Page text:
Parenting teen w/mild developmental delay

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Jo
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Parenting teen w/mild developmental delay

Unread postby Jo » Tue Oct 20, 2020 4:21 pm

Hi- My son is 16 and has mild developmental delays. He gets crushes on younger girls (about 12). They match him developmentally, but he is still 16. He is a junior in high school and most of these girls are in middle school. He is good looking and fun on Instagram (his only social media) as he's a cheerleader and posts videos of himself doing gymnastics. These girls respond positively to his attention and will (at his request) send him pictures. Some are pretty innocuous (stick out your tongue) and some are not. I'm concerned, with reason, that he's going to get in a lot of trouble.

We have talked A LOT about sex, sexual identity, gender identity, consent, and laws around sexual behavior. In part because of his disability, my son is impulsive and blind to consequences. Not only is is the behavior itself problematic (it is- it needs to stop) but we live in a very white town and my son is biracial Latino/Black.

I'm looking for ways to set clear boundaries about who and what is appropriate (our rules are that girls he interacts with must be people he's met in real life and who are in high school). We have a lot of parent controls on his phone and we've banned him from all social media in the past. In fact he was on a flip phone for two years to try to keep him out of legal trouble. But he's a year and half from 18 and he isn't impacted by his disability enough that we'd have guardian rights once he's 18. We NEED him to learn how to be appropriate about who he interacts with online and how he behaves.

He is still maturing (his neuropsych said he's maturing at about 2/3 time) so I don't think he'll stay fixated on 12 year-olds, but I do think it's going to be a problem that he's interested in girls who are too young for a long time- 17 and 13 is just as bad and 18 and 14 is worse.

He's had a therapist but she stopped taking our insurance and there are long waits to get in with anyone else. We'd love to get him to see a guy or someone who was Black or Latino/Hispanic, but it's very difficult to find anyone accepting new patients.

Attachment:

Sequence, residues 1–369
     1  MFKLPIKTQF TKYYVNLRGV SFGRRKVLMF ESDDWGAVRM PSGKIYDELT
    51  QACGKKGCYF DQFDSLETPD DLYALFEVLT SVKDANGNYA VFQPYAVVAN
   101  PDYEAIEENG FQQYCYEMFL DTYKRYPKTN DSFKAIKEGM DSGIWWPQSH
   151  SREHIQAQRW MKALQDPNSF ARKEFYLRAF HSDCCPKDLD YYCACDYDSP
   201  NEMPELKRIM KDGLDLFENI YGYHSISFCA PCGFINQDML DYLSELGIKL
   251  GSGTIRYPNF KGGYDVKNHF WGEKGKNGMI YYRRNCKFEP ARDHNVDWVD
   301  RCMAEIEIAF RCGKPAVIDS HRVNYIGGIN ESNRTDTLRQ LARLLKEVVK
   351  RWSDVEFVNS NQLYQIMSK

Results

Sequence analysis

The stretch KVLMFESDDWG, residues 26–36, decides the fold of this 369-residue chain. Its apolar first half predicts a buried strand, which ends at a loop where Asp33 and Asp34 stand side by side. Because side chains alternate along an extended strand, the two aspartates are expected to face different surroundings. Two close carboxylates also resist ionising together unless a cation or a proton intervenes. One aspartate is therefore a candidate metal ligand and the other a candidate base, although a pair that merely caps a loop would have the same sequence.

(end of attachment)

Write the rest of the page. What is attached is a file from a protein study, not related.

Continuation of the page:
I would appreciate any suggestions or resources you might have.

(I work at a University and I refer my students here all the time. I've also directed both my kids to come here with questions they don't want to bring to us. So thanks for all of your excellent work.)

Heather
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Re: Parenting teen w/mild developmental delay

Unread postby Heather » Wed Oct 21, 2020 9:37 am

Hey there, Jo. You sound like such a thoughtful parent, a thing that always makes my day.

I can certainly understand your concerns. I also hear you on the waits: we're in one for some mental healthcare for young people in my household right now, too, and it's so tough

Can you fill me in a little on what you know already works for him behaviorally? For instance, might incentivizing some of this in some way to help him transition into being able to keep himself safe be something that might work for him? What about gradually letting off the controls little by little and creating incentives for him being able to work with less of them? Do you have anything around any of this that's either worked really well or failed spectacularly?

Also, if you like, I can poke around in my networks and see if I can drum up any therapists who might fit the bill you're looking for and have telehealth openings, if you'd like?
Never doubt that a small group of thoughtful, committed citizens can change the world. Indeed, it is the only thing that ever has. - Margaret Mead

Heather
scarleteen founder & director
Posts: 8268
Joined: Sun Jul 27, 2014 11:43 am
My Awesomeness Quotient: I know every word of The Lorax by heart.
My primary language: english
My pronouns: they/them
My sexual identity and orientation: queery-queer-queer
Location: Chicago

Re: Parenting teen w/mild developmental delay

Unread postby Heather » Wed Oct 21, 2020 9:50 am

While I was answering you, a therapist friend of mine who, in non-pandemic times, lives in MA part-time said hi so I asked them if they know anyone with openings right now.

They said that this group may have them, and if not, could probably help you find someone: https://www.sayftee.com/mission

That same amazing friend has also created this document and keeps it current: https://docs.google.com/document/d/1C0l ... ujqXFZ9cL4
Never doubt that a small group of thoughtful, committed citizens can change the world. Indeed, it is the only thing that ever has. - Margaret Mead

Jo
newbie
Posts: 2